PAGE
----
Webinar Question by participant: NAS Report Governance and Social Aspects: Question on parallels to SRM reserach

Simone Tilmes

Staff member
I would value thoughts regarding parallels with other scientific research exercises beyond solar geoengineering and how the proposed approach compares. Is what is being proposed in fact just similar to others, or is it out on its own? The larger context would be interesting. For example in which areas of medical research is more public engagement needed, what determines when this is needed in that context, and how does the approach recommended for SG relate to those principles?


Adrian Hindes
New member
It's not exactly a parallel to SRM research overall, but comparing outdoor experimentation of SAI to MCB; there was some limited field testing for the latter on the Great Barrier Reef which went ahead with relatively little public opposition, or even news coverage. There were some policy/legal scholars arguing for more public consultation and stronger governance (see McDonald et al., 2019), but for the most part the MCB experiments by Harrison and colleagues seemed to go without a hitch.

At least in comparison to the debacle over SCoPEx, it's quite a marked contrast.

Public engagement is generally taken to be an unabashed good, but as you note in the wider context there's questions around how to determine to what extent that's needed. Others have made this argument, but if SCoPEx had instead just been a straightforward atmospheric physics project in scope (instead of having "solar geoengineering" associated with it), there would have been less perceived requirement for public engagement.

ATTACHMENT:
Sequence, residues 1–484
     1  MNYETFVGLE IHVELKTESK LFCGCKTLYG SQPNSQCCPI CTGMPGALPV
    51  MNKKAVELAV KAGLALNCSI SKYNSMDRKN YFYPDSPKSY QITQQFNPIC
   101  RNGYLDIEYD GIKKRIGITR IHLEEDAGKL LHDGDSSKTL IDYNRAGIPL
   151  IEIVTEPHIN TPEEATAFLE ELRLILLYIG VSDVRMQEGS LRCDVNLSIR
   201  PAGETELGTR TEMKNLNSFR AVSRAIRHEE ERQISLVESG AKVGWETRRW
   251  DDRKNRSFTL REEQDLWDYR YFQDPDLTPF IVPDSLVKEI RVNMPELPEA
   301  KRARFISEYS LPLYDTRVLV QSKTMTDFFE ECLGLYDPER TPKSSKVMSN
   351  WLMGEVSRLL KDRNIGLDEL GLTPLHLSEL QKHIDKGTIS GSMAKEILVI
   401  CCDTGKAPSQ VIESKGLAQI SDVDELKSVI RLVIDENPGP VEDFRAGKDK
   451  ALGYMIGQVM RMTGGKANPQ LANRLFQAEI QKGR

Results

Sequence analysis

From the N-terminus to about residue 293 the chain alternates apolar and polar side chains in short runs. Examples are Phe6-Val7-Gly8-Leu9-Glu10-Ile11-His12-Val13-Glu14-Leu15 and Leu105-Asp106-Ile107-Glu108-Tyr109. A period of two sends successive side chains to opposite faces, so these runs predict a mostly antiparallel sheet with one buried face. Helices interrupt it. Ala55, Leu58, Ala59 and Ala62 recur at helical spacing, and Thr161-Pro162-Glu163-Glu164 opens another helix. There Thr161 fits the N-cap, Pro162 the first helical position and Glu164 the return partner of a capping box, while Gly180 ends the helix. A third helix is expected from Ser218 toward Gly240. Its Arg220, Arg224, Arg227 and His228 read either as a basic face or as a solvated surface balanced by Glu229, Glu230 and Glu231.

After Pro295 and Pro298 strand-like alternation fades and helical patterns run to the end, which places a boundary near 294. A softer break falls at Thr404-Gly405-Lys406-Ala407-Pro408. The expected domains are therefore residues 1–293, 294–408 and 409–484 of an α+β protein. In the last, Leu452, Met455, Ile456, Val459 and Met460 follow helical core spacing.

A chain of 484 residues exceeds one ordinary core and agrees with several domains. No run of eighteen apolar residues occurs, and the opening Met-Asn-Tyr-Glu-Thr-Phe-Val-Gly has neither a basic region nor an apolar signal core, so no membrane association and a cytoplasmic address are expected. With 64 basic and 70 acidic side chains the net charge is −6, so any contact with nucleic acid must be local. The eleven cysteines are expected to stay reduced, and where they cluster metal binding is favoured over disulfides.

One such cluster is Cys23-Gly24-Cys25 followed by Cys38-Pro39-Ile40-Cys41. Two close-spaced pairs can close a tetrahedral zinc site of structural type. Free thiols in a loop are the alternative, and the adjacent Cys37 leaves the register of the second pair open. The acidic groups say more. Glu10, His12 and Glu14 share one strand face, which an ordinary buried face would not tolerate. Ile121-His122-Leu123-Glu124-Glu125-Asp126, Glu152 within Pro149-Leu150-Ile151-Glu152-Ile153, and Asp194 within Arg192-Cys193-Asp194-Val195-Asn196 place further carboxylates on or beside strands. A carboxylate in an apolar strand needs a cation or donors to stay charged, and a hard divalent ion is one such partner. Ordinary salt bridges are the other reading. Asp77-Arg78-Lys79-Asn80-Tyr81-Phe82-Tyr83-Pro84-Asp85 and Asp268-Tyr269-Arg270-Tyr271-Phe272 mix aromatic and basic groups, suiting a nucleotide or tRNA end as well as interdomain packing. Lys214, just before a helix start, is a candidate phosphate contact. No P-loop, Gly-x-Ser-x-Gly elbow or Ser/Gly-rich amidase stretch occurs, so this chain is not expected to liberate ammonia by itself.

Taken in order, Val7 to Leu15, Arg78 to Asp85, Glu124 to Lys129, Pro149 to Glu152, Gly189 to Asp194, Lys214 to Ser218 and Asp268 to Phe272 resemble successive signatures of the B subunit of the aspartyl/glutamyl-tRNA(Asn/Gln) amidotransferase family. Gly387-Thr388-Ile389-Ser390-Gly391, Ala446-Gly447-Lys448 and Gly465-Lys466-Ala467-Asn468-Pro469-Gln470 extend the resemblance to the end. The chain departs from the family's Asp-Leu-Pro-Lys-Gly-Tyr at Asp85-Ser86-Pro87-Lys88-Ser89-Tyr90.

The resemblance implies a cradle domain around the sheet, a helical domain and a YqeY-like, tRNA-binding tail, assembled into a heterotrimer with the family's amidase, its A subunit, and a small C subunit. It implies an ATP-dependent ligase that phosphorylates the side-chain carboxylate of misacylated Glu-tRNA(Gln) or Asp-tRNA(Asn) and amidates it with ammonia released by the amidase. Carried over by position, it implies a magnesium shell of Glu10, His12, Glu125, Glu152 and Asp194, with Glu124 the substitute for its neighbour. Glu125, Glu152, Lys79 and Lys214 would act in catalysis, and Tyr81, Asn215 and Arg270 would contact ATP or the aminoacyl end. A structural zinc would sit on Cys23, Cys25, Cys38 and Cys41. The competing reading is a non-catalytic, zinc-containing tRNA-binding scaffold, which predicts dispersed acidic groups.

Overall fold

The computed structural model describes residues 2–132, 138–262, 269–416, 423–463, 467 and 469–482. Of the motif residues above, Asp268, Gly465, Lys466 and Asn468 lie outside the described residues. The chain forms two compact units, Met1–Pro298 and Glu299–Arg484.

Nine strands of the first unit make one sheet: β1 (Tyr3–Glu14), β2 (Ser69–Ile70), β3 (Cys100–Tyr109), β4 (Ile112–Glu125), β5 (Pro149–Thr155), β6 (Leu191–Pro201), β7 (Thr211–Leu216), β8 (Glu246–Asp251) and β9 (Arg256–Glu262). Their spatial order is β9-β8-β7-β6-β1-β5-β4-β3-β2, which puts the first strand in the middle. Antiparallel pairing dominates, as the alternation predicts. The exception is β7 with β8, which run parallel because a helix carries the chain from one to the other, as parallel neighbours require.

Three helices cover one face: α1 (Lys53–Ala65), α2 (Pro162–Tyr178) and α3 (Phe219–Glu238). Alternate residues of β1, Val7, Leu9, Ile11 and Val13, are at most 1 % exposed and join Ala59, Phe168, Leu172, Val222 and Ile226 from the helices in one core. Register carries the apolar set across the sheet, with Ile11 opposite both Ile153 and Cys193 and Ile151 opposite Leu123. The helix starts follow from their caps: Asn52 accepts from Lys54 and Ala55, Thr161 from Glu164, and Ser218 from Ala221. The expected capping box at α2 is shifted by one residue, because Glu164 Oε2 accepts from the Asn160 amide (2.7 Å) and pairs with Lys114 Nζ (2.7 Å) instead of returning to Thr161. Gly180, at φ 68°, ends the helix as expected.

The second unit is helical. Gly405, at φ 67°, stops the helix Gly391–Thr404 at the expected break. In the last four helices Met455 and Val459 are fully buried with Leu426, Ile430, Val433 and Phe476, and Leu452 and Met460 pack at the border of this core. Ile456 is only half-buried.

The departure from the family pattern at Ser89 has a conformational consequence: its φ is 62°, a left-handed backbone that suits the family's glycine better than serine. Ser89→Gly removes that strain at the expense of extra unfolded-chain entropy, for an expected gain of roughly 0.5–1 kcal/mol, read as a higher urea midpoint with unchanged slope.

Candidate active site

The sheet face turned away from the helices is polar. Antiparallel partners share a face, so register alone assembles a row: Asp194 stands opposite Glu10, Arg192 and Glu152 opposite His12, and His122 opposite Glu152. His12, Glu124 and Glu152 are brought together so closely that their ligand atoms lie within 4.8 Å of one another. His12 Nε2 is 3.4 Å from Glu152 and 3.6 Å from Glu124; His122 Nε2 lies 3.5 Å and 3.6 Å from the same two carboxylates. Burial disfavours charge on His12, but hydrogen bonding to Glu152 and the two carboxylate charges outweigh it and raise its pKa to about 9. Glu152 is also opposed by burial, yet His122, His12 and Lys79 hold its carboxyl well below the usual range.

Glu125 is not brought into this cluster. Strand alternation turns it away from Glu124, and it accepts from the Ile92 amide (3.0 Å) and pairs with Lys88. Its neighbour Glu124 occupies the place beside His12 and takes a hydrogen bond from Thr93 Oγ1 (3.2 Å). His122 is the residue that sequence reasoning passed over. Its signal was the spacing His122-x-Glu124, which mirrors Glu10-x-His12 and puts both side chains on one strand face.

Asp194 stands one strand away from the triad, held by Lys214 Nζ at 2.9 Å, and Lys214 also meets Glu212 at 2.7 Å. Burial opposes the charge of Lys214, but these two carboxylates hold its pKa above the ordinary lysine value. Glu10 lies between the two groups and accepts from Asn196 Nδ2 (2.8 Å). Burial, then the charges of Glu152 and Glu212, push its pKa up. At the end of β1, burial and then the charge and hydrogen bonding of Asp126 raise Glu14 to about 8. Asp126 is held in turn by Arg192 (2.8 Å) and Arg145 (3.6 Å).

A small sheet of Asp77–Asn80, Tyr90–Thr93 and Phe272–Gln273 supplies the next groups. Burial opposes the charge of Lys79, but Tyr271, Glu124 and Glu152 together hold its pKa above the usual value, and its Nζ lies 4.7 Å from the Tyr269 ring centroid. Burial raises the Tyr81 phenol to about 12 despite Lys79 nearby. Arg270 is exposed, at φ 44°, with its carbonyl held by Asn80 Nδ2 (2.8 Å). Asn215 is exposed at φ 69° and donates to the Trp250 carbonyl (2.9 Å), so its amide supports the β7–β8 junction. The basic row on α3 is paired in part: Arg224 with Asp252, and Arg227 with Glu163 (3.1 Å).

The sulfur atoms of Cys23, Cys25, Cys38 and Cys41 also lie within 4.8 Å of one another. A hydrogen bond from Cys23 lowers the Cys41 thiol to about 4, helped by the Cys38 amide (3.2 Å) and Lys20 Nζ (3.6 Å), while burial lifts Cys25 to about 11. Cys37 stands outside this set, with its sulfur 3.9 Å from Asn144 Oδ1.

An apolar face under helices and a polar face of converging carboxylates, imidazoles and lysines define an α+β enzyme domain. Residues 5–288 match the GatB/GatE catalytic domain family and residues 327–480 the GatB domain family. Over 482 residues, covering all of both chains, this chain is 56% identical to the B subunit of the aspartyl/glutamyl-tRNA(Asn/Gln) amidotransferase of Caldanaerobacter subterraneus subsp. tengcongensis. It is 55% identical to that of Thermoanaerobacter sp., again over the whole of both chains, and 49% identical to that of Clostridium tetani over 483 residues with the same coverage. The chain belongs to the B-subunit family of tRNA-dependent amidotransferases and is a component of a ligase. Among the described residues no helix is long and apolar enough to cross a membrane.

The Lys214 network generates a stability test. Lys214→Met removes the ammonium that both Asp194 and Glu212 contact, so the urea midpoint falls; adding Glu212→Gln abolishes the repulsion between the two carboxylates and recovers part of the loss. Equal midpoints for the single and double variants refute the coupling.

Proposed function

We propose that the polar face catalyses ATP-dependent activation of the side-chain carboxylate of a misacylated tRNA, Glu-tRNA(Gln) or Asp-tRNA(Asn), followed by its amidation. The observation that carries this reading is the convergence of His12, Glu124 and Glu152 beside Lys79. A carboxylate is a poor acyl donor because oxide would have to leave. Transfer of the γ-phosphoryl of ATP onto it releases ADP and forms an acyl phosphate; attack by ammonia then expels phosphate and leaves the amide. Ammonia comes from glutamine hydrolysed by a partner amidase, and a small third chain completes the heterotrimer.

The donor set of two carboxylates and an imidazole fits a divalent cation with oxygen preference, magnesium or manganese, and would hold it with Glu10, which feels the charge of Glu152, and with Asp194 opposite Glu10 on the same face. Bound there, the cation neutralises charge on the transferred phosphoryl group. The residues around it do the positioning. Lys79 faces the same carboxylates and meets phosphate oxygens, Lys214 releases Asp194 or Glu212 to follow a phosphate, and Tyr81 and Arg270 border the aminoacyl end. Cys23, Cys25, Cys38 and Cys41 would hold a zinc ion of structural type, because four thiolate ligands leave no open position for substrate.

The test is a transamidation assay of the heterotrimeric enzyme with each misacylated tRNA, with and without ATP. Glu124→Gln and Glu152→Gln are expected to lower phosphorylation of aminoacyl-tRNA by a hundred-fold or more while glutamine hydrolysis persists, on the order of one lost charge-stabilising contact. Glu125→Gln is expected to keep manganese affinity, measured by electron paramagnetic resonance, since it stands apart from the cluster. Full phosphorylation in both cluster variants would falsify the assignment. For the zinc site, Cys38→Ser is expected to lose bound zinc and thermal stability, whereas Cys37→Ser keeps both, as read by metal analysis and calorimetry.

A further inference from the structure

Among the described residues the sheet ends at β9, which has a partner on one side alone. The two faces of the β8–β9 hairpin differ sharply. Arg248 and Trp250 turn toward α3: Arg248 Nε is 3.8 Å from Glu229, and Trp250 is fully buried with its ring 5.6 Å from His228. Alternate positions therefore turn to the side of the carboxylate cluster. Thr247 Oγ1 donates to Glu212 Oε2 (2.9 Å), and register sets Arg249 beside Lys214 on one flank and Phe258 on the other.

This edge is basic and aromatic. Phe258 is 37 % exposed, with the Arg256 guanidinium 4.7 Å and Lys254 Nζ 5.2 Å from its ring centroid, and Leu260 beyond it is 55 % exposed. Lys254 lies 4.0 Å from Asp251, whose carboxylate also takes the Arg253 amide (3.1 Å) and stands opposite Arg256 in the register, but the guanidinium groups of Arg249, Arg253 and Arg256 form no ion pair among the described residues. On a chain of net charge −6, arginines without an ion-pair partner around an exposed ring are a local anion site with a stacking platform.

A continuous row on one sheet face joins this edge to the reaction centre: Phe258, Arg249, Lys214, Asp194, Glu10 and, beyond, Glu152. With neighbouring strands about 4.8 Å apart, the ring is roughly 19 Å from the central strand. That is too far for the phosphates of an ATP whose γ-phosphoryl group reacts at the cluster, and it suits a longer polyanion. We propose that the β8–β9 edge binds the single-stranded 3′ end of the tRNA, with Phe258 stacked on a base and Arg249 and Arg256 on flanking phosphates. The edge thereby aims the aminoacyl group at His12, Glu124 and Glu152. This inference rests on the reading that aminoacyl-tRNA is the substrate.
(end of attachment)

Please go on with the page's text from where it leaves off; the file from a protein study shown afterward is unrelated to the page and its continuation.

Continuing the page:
If it's not just the research itself, but also what it's ostensibly "aiming for" (or perceived to be aiming for) that matters, it all becomes much muddier. It's not all to obvious whether maximizing public engagement aligns with optimal public engagement.

In medical and public health research, maybe fluoridation of public water supply could be an illustrative historical comparison on relatively smaller scales? How much public engagement was done prior to such policies being put in place for various regions? What happened after the handful of cases of overfluoridation in the U.S. in the 90s?